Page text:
Chapter 6 - American Foreign Policy in a Fractured World • AFractured World o despite new countries making attempt at democracy, the US found itself at wars in the Middle East and SouthwestAsia o rise in ethnic and tribal disputes in Yugoslavia, Somalia, Czechoslovakia and Rwanda • ANew World Disorder o  George H.W. Bush - "ANew World Order"  a time of global peace that would replace the strife that darkened the era of the Cold War  this was not the case o Disintegration of the Soviet Union  the 2nd Soviet Revolution from 1989-1991, overthrew Communism  Mikhail S. Gorbachev was chosen as General Secretary of the Politburo  he introduced glasnost (more openness in government affairs) and perestroika (reduction in governments grip on economy)  made democracy and free enterprise more likely  when Gorabchev was going to give 15 Soviet states autonomy, he was arrested by State Committe  Boris Yelstin was elected President  Russian riots and protestors against Gorbachevs incarceration  this uprising led to the collapse of the USSR  Gorbachev was restored as the Soviet leader  Yelstin came across more bodly and outward for democracy, becoming the national hero and figurehead in Russia  15 former USSR republics became members of the Commonwealth of Independent States (CIS) for military and economic benefits --> Estonia would be the first to Join NATO in 1994  there were ethnic conflicts in Modlva, Georgia,Armenia,  the debate in Washington at the time was how much financial aid the US should supply  The Grand Bargain  a school of thought in the US that agreed with the Germans that a major infusion of Western capital and know-how, coupled with insistence that the former Soviet Republics follow Western recommendations on how to revamp thier economies  only way to avoid a backslide into Communism or civil war  The Nunn-LugarAct  Congressional funding of $1billion to improve the security of Russian nuclear warheads and related WMD materials  this was done out of fear that "loose nukes" may fall into the wrong hands  StrategicArms Reduction Talks I (1991)  authorized dramatic cutbacks in the number of strategic warheads that both the US and Russia had by 2/3  Yelstin then sold arms to China and India  also sold submarine to Iran, MIGs and bombers to Syria, and weapons to North Korea and Libya  US also sold arms to Taiwan  Political and economic instability in Russia, finally began stabilizaing over the next decade  Strategic Offensive Reduction Treaty (2002)  cut US and Russian strategic nuclear arsenal to the lowest total in decades at about 2000 each  Putin backed the US in the war on terror, but had trade relations with IRan and North Korea  Putin moved into the Prime Minister position when his term expired, but still maintained control, then won again in 2012  push of less democracy (Gorbachev remains (hopeful)  Obama and Putin have not had great relations  soured by Russia grantin asylum to Snowden o Bllodbath in the Balkans  Yugoslavian civil war  rise of nationalism in Central Europe, the Balkans, and former USSR  populist nationalism - people within the same nation who do not eem to agree with some of the populsit and naitonalism ideology are assigned the status of minorities, suggesting that they cannot belong with the authentic body of the national people  Bosnian War  attack against Croatia in 1992  ethnic cleansing - a policy of attacks against rival groups with the intent of ridding the area of them  included murders and mass rape  mostly perpatrated by the Serbs against all non- Serbs in Bosnia-Herzegovina  US public turned to the goverment for intervention  UN issued an arms embargo in 1991 against all Yugoslavian territoy (didnt make sense, Serbs were already well armed)  UN negotiators, administrators, and negotiators entered in 1992  US entered in 1993  did not allow US troops to enter  only food aid and clothing into Bosnia  air sorties in 1994  US brokered the Dayton PeaceAccords in 1995 among Croats, Bosnian Muslims, and Serbs  diplomatic talks that resulted in a division of Yugoslavia along ethnic lines  NATO enforced  Implementation Force  Stabilization Force  1998 Kosovo War  Albanian muslims pushed for autonomy and eventually took up arms against Serbian soldiers and police stationed in the province.  Serbian leader Milosevic again undleashed the forces of repression and ethnic cleansing  Clinton refused to send US ground forces  refugees spilled intoAlbania, MAcedonia, and Montenegro upsetting stability o Fusion in Western Europe  German reunification in 1990 when East and West Germany reunited  consolidated NATO power in Germany  Maastricht Treaty (Treaty of European Union - 1992  12 nations of the European Community pledged a lasting economic and political European Union  Britain and Denmark did not join, but most did  fears that weaker economies like Greece seemed like a burden  in 2012, the Greek economy neared collapse and the EU and seemed like it may fall, at the last minute the EU followed Germany's lead and bailed out Greece with financial loans o Desert Storm  1991 decision by President George HW Bush to repel with massive US-led military force an IRaqi invasion into neighboring Kuwait (First Persian Gulf War, Operation Desert Storm)  was about protecting Kuwait sovereignty, but more about maintaining US and Western access to ME oil  fear that former US ally, Saddam Hussein would topple Saudi Arabian oil fields, pushing most ME oil under his control  US advanced weaponry toppled the 4th largest military in the world in 6-short weeks  148 americans dies (1/4 by friendly fire)  Congress had supported HW Bush in this battle  ordered Iraq to destroy its NBCR weapons programs  Saddam continued to be a probelm for the West o Chaos in Somalia  Operation Restore Hope  1992, US sent troops into Somalia to provide protection for the humanitarian relief efforts of the UN - the largest purely humanitarian intervention abroad inAmerica's history  was a great triumph forAFP  peace did not last - rise of extremism, terrorism and warlord theft of UN food supplies  Black Hawk Down incident in 1993 pulled US forces out of Somalia • Wolves in the Woods o  HW Bush: "despite the New World Order, there are still wolves in the woods" o Weapons Proliferation  NBC Weapons  Russian warheads being secured was the highest worry  North Korea refused IAEA inspection in 1993, fearing a weapons program was going on o Counternarcotics  HW Bush "public enemy number 1"  estimated that 70% of drugs get through US borders o Immigration  a third of 35 million immigrants in 2007 were illigeal  some welcome them as workers, others are scared of what they may bring in  controversial building of a wall between Mexico and the US o The Micro-States  the smaller nations of the world that can be significant to US AFP and the need to know what is happening in them  Reagan admin, invasion of Grenada in 1983 to subdue an alleged communist threat  Panama weapons purchases  NorthAfrica andArab spring in Egypt and Syria  North American Free TradeAgreement  improving trade ties with the US, Canada, and Mexico  reduced commercial barriers and shipping costs  promise of greater prosperity  OsloAccords (1993)  the Palestine Liberation Organization (PLO) renounced terrorism and its call for destruciton of Israel in return for Israel's promise to withdraw from the GAza strip and the West Bank town of Jericho  Operation Uphold Democracy (1994)  US military intervention in Haiti was necessary to stem the flow of refugees and to resotre order on the poverty- stricken island  Rwanda genocide  Bad US response  Clinton administration did not intervene and 800000 were slaughtered in tribal warfare before the assistance of the US, UN and other nations  Other Transnational Challenges  National Security Review No. 29 (NSR-29)  directedAmerica;s secret agencies to compile the most exhaustive list of intelligence prioritie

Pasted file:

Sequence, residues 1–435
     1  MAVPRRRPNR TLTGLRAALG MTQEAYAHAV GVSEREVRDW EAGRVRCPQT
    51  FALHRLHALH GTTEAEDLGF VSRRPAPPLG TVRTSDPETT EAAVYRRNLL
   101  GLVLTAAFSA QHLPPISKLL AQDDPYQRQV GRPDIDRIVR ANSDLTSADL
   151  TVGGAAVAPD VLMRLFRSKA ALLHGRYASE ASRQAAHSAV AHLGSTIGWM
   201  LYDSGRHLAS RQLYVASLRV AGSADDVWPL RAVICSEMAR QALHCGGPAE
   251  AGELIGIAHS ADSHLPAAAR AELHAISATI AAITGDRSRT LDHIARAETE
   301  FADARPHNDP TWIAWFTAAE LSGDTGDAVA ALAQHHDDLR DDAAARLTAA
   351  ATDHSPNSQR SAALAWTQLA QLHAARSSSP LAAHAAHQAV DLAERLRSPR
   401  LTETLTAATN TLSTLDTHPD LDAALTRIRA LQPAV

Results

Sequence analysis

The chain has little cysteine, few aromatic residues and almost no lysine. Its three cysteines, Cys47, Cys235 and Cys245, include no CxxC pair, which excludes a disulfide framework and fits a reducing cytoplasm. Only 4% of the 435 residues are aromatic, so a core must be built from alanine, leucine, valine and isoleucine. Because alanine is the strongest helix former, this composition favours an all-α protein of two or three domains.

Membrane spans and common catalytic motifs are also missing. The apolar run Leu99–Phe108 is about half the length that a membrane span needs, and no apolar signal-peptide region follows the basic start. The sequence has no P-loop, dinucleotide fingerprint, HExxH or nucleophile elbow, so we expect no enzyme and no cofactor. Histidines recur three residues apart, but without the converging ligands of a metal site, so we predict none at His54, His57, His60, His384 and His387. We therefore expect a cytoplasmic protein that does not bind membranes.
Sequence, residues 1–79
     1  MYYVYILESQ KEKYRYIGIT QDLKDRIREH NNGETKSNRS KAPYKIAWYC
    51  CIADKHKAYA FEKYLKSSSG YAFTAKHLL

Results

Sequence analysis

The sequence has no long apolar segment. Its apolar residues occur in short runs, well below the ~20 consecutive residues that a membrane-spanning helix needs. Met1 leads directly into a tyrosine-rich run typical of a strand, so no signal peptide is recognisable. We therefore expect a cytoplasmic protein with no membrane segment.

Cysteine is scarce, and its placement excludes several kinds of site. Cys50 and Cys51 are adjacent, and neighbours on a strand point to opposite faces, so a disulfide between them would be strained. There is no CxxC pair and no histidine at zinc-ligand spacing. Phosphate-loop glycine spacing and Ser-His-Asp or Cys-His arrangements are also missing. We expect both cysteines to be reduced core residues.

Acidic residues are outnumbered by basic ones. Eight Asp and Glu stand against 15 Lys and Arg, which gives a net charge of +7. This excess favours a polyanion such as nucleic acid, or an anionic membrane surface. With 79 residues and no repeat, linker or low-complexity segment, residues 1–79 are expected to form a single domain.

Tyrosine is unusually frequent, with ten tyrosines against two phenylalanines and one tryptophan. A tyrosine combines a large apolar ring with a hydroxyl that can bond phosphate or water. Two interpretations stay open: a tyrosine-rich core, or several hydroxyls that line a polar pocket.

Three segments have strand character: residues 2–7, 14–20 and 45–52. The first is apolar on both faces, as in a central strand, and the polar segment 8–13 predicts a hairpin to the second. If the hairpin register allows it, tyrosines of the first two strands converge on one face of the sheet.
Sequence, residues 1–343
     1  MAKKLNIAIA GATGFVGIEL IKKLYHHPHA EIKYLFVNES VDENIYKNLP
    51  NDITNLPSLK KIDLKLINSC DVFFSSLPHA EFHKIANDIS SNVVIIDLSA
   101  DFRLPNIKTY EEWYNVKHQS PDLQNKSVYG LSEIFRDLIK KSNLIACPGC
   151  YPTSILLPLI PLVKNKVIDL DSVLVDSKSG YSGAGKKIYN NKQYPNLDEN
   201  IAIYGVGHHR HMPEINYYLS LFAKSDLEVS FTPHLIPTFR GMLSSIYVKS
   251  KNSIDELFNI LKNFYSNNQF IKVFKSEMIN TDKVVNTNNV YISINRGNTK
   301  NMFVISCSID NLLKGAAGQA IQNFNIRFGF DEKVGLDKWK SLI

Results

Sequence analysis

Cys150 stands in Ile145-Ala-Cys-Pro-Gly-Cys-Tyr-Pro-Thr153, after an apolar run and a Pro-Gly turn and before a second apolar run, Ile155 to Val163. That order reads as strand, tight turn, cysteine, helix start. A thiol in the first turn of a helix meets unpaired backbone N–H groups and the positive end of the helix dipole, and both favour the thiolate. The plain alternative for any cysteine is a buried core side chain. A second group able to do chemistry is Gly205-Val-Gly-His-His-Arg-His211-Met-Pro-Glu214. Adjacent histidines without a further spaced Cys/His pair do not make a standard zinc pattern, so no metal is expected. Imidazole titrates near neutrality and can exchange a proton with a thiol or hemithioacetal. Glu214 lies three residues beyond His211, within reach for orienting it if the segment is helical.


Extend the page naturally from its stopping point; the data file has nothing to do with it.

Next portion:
More Less

Related notes for INTL 4250

Log In


OR

Join OneClass

Access over 10 million pages of study
documents for 1.3 million courses.

Sign up

Join to view


OR

By registering, I agree to the Terms and Privacy Policies
Already have an account?
Just a few more details

So we can recommend you notes for your school.

Reset Password

Please enter below the email address you registered with and we will send you a link to reset your password.

Add your courses

Get notes from the top students in your class.


Submit